The 90-plus-year-old lungfish that calls San Francisco home loves bivalves, figs… and, yes, belly rubs.
Zoological facilities offer people the rare chance to see some of the world’s most unique, oftentimes at-risk, wildlife. Large exhibits that feature charismatic mammals— reticulated giraffes, African elephants, jaguars, great apes, cetaceans (though this, thankfully, is changing), etc. — are usually the fauna we synonymize with these wildlife parks. However… what if I were to tell you that San Francisco’s own California Academy of Sciences houses not only the oldest aquarium fish in the city but likely the entire country?
Meet Methuselah: the 90-plus-year-old Australian lungfish that came into San Francisco on a steamship from Queensland, Australia back in 1938.
Famous for her love of figs (& belly-rubs), Methuselah — our 90-plus-year-old Australian lungfish — is also delighted to accept shrimp. And worms. And clams. And fish. And Romaine lettuce. And grapes. And blackberries. And algae tabs. And … you get the idea. pic.twitter.com/M4bwtsLNRt
— California Academy of Sciences (@calacademy) December 21, 2022
Nearly a year ago, the San Francisco Chronicle published a glorious profile on the magnetic fish that does, in fact, use both its primitive lungs and gills to sequester oxygen. (As the newspaper noted, the name “Methuselah” is a Biblical nod to Noah’s grandfather, who lived to 969 years old; the fish is now almost 4 feet long and weighs around 40 pounds, and will likely still keep growing [as most fish do the rest of their lives; they’re what we call animals without “predetermined growth” in biology]; she likes fruit snacks and belly rubs.)
And what is just as captivating about Methuselah’s own San Francisco story is the evolutionary biology of the species she, herself, is a part of.
Australian lungfish—also referred to as “Queensland lungfish,” due to their naturally occurring distribution inside slow-flowing pools and river systems found around south-eastern Queensland—are among the oldest-living fish species known to science, with some examples, like Methuselah, living 90 or more years. It’s believed the longest-lived Australian lungfish must be a centenarian. (Screw our blue zones, am I right?)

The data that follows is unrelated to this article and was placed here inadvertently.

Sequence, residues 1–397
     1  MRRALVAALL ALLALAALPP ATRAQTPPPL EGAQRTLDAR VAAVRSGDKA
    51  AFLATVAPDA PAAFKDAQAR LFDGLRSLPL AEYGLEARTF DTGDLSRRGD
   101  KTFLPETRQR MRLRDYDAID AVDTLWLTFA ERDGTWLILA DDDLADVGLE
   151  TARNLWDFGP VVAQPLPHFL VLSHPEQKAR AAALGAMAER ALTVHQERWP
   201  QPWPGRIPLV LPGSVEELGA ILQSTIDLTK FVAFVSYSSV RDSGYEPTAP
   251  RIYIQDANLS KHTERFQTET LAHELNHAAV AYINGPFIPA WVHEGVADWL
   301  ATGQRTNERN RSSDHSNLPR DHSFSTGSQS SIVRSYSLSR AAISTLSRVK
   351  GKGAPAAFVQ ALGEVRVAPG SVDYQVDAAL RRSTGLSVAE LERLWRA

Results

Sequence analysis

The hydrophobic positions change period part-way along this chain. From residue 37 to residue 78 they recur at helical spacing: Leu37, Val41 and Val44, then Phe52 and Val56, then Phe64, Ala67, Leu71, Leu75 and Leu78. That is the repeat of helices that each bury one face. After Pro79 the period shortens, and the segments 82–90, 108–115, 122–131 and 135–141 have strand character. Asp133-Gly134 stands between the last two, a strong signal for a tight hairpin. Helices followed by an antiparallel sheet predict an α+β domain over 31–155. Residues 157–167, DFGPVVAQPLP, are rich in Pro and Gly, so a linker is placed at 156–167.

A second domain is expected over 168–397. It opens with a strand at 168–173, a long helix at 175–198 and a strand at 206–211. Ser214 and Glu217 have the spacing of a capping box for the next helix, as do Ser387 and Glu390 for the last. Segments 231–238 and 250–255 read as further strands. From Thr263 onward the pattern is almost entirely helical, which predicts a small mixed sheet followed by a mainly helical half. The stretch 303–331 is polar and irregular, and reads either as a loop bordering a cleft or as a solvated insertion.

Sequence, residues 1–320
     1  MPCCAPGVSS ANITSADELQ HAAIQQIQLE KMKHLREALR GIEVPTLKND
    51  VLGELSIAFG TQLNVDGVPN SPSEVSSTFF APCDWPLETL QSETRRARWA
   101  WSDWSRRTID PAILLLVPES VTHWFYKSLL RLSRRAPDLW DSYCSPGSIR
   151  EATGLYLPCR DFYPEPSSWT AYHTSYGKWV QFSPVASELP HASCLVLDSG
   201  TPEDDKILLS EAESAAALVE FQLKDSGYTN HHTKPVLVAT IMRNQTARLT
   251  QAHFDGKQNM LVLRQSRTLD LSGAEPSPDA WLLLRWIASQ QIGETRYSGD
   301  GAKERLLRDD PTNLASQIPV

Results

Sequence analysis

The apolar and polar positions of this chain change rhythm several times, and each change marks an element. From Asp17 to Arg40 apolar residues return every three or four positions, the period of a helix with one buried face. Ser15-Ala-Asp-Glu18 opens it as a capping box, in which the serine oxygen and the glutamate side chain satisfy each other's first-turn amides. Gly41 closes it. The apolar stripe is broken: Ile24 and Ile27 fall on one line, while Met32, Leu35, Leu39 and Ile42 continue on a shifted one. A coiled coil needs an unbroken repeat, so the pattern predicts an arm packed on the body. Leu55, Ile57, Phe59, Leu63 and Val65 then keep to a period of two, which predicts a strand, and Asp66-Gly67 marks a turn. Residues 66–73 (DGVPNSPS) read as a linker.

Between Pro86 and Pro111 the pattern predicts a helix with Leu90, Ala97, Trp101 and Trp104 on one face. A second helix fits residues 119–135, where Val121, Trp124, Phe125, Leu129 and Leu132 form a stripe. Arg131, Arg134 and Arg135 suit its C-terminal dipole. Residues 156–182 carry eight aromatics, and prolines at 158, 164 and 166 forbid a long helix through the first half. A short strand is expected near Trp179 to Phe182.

Wow! I saw Methuselah when I visited in 2005. I had no idea the age pic.twitter.com/52SDHpk8xJ
— pengo wray (@pengowray) December 22, 2022
They, too, are among just one of six living extant lungfish species left in the world and are the only surviving member of the genus Neoceratodontidae. Four species in the genus Protopterus (animals under the family Protopteridae) are found in Africa; one species, Lepidosiren paradoxa (the sole species in the family Lepidosirenidae) is found in South America; the Australian lungfish is the only species in the family Ceratodontidae — and is also among the stockiest-built of all the known lungfish.
How did these fish procure their primitive lung systems, which are nearly identical in both function and structure to that of amphibians? They got rid of their swimming bladders, which is why lungfish have pectoral and pelvic fins, as well as a single unpaired caudal fin replacing the dorsal, that look slightly dextrous and mirror rudimentary limbs.
Because, yes: Lungfish are just as good at walking through marshy wetlands as they are gliding through the shallow, slow-moving water habitats they’re found in.
It’s not exactly understood just how old the species is, itself. However, fossil records of examples in this group have been carbon-dated as far back 380 million years, around the time when the higher vertebrate classes began emerging on the planet — a full 170 million years before the first mammals are believed to have roamed. Moreover, fossils of lungfish have nearly identical anatomies to those found today, suggesting that they’ve existed largely unchanged for well over 100 million years.
Lungfish aren’t just primitive; they’re among the oldest living vertebrates on this space rock.
But because humans are assholes, many of the still-living lungfish species, including the Australian lungfish, are “threatened,” per reports from the International Union for Conservation of Nature (IUCN). Some are even “endangered” according to the IUCN, like the Australian lungfish. All of them currently face human-facilitated habitat loss and mounding threats to their riparian environments due to the climate crisis.
i wish i was a 90-year-old lungfish being fed figs and seafood by a court of doting hairless apes
— shiba/catperson (@moonchicken5) December 22, 2022
Next time you’re looking for a rainy day activity, go pay Methuselah a visit. And beseech to whichever higher power you choose to honor that human greed doesn’t rob future generations of the chance to see members of her species fawn over tummy pats.
Feature image: Courtesy of Twitter via [at]mythosamante